Another atmospheric river brings risk of flooding to Washington, British Columbia
SPOKANE, Wash.– Another set of atmospheric rivers, narrow bands of tropical moisture, is set to arrive in the Pacific Northwest beginning on Thanksgiving. An atmospheric river event over the weekend of November 14th led to severe flooding in British Columbia and northeast Washington. The same areas hit hard by this flooding will see the most rain in the week ahead.
Current rainfall projections show the risk of 6 to 10 inches of rain in Canada by next Wednesday with between 3 and 6 inches in the North Cascades in Washington and 8 to 10 inches on the Olympic Peninsula. More than 10 inches of rain is likely in the next week on Vancouver Island.
Rain from the November 14 atmospheric river dumped 10 inches of rain in 24 hours across western B.C., which set daily rainfall records. At one point all road and railroad connections to the city of Vancouver were severed during the peak of the flooding. Severe flooding came across the border, costing an estimated $50 million in damage in Whatcom County. Further south, the Skagit River at Mt. Vernon almost broke the all-time record high water level. Any flooding, even if it’s far less severe than earlier in this month, will hurt those recovering from its impact.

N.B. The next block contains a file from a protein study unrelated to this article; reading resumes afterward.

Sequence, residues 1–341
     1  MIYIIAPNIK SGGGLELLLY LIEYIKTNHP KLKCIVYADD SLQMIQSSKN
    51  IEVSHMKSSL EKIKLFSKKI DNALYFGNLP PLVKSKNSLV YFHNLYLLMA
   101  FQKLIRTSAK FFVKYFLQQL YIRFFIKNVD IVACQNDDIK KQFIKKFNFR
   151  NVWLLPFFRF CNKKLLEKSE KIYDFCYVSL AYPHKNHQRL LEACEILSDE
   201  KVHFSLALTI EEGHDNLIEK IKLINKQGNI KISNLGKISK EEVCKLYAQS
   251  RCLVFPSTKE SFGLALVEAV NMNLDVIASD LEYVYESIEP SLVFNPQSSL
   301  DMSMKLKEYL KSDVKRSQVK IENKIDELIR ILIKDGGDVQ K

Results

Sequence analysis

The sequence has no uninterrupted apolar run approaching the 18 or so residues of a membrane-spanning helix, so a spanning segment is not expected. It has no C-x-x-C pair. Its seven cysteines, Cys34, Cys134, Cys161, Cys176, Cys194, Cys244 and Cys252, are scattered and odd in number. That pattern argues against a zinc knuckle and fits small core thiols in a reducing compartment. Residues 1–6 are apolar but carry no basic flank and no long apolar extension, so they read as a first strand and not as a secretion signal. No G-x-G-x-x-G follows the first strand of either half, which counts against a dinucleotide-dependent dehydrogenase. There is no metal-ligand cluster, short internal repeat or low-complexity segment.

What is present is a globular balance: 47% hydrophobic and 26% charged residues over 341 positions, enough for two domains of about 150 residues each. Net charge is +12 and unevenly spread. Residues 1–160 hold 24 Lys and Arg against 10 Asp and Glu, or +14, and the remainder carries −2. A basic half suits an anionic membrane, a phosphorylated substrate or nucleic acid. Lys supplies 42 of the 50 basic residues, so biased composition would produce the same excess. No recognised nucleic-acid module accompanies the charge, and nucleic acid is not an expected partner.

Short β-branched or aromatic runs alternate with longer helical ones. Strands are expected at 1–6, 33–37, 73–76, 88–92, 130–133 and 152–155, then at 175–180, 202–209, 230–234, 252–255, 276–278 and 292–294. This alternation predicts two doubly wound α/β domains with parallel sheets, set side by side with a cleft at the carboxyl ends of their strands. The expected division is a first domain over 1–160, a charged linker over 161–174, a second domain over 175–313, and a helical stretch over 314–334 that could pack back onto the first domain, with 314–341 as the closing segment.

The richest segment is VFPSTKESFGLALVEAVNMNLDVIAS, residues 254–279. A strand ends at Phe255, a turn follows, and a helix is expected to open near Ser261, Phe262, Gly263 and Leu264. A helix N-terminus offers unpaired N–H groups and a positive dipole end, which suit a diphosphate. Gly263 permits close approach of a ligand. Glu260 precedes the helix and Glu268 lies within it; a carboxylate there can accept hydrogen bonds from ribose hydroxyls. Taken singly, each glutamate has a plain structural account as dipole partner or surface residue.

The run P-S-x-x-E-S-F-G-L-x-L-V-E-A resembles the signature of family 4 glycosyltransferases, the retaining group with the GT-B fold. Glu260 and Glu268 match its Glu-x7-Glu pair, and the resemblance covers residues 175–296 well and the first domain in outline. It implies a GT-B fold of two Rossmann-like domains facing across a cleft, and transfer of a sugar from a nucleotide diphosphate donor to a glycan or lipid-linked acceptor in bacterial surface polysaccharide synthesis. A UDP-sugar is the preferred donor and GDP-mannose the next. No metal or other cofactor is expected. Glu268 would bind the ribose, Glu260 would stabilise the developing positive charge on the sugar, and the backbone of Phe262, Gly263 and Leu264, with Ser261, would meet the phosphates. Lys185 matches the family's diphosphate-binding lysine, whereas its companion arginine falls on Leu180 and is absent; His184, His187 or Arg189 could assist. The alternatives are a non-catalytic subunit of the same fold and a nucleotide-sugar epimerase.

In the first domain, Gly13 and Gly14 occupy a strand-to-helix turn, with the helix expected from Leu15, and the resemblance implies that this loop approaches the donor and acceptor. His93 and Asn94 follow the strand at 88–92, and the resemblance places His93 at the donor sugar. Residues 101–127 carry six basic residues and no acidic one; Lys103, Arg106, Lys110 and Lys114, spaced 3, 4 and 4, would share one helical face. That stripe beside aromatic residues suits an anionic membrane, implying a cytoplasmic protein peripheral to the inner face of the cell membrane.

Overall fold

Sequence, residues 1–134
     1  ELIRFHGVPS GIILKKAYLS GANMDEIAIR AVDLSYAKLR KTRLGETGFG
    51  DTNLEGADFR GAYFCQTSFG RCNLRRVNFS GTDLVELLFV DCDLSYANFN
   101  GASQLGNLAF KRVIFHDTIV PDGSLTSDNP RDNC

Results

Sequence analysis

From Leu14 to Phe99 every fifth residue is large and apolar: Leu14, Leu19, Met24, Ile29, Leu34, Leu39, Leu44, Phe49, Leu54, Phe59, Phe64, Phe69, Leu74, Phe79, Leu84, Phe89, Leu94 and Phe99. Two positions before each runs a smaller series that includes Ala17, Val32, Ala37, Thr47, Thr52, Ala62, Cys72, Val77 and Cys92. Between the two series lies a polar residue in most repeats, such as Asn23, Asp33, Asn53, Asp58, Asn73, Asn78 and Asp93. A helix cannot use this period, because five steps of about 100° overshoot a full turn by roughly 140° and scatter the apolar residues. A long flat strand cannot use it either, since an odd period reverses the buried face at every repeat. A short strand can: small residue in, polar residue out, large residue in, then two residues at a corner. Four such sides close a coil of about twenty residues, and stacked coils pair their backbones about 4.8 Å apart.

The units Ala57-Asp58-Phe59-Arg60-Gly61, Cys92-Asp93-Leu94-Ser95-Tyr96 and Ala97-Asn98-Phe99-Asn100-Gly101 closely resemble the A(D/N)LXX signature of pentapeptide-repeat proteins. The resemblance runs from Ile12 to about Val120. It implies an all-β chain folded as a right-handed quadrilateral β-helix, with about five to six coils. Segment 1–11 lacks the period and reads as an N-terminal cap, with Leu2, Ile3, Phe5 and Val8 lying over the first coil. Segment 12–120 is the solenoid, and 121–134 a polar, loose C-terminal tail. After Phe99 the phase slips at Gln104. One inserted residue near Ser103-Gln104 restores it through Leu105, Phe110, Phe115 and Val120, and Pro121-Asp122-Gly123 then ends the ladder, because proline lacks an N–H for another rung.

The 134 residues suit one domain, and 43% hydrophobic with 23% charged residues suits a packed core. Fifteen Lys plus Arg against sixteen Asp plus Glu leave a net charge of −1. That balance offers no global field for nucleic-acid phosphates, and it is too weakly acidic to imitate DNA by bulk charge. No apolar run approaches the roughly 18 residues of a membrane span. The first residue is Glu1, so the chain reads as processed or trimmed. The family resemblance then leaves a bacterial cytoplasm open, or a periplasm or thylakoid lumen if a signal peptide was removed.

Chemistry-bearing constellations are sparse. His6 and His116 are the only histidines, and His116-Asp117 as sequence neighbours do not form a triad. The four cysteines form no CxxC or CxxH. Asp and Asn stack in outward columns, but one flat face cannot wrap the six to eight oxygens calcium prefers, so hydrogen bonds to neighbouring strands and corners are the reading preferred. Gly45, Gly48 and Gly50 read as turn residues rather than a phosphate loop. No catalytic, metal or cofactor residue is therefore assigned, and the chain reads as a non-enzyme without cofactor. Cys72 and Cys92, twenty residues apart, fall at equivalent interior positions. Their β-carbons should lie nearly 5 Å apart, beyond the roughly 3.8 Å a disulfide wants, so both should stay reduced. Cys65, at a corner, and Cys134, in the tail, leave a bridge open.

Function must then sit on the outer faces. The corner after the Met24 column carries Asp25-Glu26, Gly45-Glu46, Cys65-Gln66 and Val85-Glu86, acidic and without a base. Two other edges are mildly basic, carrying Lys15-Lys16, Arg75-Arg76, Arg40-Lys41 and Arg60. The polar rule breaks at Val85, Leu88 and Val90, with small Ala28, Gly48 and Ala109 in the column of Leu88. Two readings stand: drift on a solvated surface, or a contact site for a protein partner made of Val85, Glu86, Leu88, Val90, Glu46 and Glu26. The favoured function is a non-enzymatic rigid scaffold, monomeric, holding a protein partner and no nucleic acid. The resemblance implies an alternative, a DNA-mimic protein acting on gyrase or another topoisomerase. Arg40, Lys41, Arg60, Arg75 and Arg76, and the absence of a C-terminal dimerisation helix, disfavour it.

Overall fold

In the Inland Northwest, these atmospheric rivers mean warm temperatures and rain, not snow, in the mountains. Snow levels are expected to hover between 5000 and 7000 feet for much of the upcoming week. That puts a lot of warmth and possibly rain on the lower slopes of many ski areas; some of which are opening for the season this weekend. The emerging snowpack for this winter took a hit from the last atmospheric river and likely will again as the high elevations continue to stay warm.
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